Fran (my blog coach) sent this in an e-mail -- click -- it's a fun stairway exercise .
Fran knows I'm a dancing nut -- every once in a while, my husband and I meet in the hall between our offices and bow to each other, clasp hands above our heads, and dance a stately minuet, humming a tune we both know (but aren't sure if it's Bach, Beethoven, or Mozart).
Having seen the stairs in Odenplan, Stockholm, I searched YouTube, and found piano stairs in Tokyo -- found myself remembering the movie "Big" -- the great scene when Tom Hanks and his friend were dancing -- playing chopsticks on a giant keyboard at F A O Schwarz.
Whoosh -- memories of my piano lesson days came over me. I was going to be a concert pianist, or a doctor, or a ballerina.
Ah yes -- but my best friend, Harriet, was a natural at the piano. Her hands, her stubby fingers with pillows on the end of each finger -- those fingers said she was born to play. When Harriet played anything -- even without the pedal -- the keys had resonance -- her music filled the room.
Not so for Em. I loved to put Beethoven's "Moonlight Sonata" on the record player, and pretend I was playing it. Whenever I played the piano, I swayed -- let my body feel and display the emotions -- the ripples, the chords, and boy -- did I ever use the pedal!
When I read that pianists practiced for hours each day I was sure it was going to be my career. I knew once my piano teacher gave me a piece of music to play, I'd practice morning! noon! and night!
My piano teacher, Mrs. Gregg, with her huge, up-lifted, corseted front, was shaped like the prow of a ship, and gave orders like a captain, commander in chief. She had me playing Czerny scales, and dinky kiddie tunes. After I begged, she gave me a piece of sheet music -- Poldini's "General Bum-Bum." She said, "Practice it, memorize it, my dear, and you'll play it at the piano recital you and my students will be giving at my church."
I would have preferred to play Beethoven's "Fur Elise," but another one of her students had dibbs on that.
Alas, "General Bum Bum" was a boring march, with nothing for me to feel. The more I practiced, the dumber, the stiffer, the worse it sounded.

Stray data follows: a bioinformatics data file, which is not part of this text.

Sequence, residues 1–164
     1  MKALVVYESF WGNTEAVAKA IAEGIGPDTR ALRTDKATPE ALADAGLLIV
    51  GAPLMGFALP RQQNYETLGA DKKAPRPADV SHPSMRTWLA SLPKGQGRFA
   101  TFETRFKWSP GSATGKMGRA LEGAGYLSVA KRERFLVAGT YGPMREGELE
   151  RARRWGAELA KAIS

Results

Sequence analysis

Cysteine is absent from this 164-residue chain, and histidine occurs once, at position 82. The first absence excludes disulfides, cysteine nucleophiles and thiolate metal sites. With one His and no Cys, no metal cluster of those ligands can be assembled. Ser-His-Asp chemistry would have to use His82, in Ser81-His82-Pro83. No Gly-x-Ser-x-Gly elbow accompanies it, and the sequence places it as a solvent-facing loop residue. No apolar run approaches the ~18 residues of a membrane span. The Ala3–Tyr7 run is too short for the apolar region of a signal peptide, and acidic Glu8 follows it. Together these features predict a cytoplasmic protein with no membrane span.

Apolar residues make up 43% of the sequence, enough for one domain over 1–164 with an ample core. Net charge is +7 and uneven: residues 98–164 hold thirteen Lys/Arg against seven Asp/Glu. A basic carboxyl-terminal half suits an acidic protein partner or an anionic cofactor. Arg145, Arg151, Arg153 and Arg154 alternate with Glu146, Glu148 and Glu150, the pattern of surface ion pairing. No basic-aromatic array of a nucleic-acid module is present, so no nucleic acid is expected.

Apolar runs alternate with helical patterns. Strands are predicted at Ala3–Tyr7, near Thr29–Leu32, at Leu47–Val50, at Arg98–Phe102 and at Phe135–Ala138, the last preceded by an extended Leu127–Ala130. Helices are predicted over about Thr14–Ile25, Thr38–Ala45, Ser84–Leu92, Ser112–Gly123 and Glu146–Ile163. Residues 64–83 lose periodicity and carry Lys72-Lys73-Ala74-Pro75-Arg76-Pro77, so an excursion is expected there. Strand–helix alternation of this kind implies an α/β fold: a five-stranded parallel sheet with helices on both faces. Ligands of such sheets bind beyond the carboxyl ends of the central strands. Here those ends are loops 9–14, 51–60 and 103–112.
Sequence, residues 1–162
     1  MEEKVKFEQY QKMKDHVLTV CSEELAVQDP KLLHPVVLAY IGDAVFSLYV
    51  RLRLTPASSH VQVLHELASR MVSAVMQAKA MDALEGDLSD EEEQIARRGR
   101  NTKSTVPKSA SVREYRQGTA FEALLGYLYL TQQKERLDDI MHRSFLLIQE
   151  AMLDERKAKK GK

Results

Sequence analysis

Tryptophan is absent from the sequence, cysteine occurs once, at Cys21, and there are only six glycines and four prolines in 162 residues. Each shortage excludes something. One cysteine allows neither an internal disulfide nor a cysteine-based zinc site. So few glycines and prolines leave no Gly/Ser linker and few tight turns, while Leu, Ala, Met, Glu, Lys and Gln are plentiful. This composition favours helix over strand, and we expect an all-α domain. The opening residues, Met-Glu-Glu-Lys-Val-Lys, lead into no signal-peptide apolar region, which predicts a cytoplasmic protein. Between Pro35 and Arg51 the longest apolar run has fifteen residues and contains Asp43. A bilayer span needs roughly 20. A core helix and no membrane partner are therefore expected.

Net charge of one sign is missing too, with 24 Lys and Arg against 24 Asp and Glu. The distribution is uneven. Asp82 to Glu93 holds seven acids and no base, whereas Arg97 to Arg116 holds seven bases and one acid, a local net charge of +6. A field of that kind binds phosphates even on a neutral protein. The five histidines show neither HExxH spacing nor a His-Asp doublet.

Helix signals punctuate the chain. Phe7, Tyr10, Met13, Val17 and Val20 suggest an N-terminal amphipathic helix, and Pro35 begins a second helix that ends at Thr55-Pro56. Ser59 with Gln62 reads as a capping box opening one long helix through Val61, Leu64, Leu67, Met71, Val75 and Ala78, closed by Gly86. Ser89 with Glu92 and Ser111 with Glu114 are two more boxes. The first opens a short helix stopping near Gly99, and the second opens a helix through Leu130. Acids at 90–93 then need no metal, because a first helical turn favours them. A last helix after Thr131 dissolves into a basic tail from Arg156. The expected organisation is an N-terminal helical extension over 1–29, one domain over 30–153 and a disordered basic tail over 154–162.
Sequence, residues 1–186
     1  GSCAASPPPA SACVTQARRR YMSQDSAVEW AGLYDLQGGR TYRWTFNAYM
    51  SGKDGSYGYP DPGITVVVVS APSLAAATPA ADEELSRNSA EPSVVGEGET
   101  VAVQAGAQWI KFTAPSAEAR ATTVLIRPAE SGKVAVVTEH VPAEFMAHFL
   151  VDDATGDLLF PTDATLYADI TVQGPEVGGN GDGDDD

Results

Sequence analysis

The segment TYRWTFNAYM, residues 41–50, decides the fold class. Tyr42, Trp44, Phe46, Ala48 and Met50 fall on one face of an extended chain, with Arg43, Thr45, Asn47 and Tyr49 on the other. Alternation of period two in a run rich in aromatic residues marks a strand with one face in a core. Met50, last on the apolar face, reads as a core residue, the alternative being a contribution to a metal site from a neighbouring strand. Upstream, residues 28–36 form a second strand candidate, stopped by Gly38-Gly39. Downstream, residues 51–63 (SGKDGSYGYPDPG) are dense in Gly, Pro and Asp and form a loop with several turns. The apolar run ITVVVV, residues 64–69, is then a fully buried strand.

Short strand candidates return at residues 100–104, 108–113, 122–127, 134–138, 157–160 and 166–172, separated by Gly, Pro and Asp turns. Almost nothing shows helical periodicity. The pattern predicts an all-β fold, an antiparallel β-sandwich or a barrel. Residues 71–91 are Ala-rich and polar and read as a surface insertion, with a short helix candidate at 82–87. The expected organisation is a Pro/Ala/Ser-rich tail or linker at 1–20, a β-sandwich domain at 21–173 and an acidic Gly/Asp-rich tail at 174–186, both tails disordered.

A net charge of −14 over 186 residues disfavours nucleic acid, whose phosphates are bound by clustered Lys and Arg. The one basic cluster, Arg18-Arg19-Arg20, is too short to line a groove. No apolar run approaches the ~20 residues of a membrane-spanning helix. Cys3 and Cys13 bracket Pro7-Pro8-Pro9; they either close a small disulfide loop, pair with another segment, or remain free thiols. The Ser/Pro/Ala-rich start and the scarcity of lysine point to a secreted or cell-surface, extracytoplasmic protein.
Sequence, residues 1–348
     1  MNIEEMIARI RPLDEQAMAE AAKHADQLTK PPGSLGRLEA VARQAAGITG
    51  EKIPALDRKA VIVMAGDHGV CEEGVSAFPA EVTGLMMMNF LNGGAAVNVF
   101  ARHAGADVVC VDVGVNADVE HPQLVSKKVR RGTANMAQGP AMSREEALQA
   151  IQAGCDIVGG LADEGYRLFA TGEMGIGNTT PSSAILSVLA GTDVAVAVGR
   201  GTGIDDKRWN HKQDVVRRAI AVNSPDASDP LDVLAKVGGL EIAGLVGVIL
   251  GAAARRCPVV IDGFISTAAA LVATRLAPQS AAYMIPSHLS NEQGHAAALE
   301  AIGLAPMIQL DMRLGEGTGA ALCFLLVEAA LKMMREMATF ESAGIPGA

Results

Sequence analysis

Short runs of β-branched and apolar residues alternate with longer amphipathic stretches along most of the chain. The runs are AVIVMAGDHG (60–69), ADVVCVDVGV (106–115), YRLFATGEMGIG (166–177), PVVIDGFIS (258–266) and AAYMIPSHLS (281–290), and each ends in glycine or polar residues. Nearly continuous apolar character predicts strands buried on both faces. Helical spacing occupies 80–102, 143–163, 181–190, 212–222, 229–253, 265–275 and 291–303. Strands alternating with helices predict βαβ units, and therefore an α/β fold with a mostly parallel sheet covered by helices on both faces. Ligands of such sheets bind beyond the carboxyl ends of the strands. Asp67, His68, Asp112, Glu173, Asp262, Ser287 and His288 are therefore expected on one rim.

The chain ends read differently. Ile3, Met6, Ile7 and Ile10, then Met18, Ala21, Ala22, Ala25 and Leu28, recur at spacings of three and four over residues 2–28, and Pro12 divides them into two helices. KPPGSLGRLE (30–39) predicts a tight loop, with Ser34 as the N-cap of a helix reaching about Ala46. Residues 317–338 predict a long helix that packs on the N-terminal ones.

On the recital day, I was very nervous. As the hour approached I felt nauseous. Sitting in the church pew, waiting for my name to be called, I was shivering.
I marched down the aisle. Sat on the piano bench. My hands were chunks of ice but I proceeded to play "General Bum Bum" -- made no mistakes, but gee -- it sounded dumb, dead, stiff, awful.
Afterwards Mrs. Gregg folded me into her chest and said "Excellent, my dear. Next week I'll give you Poldini's Opus 79 to master. It's a lyric waltz, in three quarter time."
Mom said, "You played all right, dear" ' but I knew from my cold hands, shivering, and the wish I were dead feeling I had when I walked from the pew to the piano bench, sat, and put my hands on the keyboard, that I was not going to be a famous concert pianist.
Doctor was better. Ballerina was much better-- so it was after that performance that I set to work on convincing my father that I had to have ballet lessons.
Well, I danced in Tokyo ...
So, if I ever go back to Tokyo, or visit Odenplan, would I use the piano stairs?
Yes, I would! I'd like to do what Tom Hanks did in "Big."
After chop-sticks, with my feet on half-toe, I'd plunk out the opening of "General Bum Bum," thanking my lucky stars that I went for ballerina, NOT concert pianist.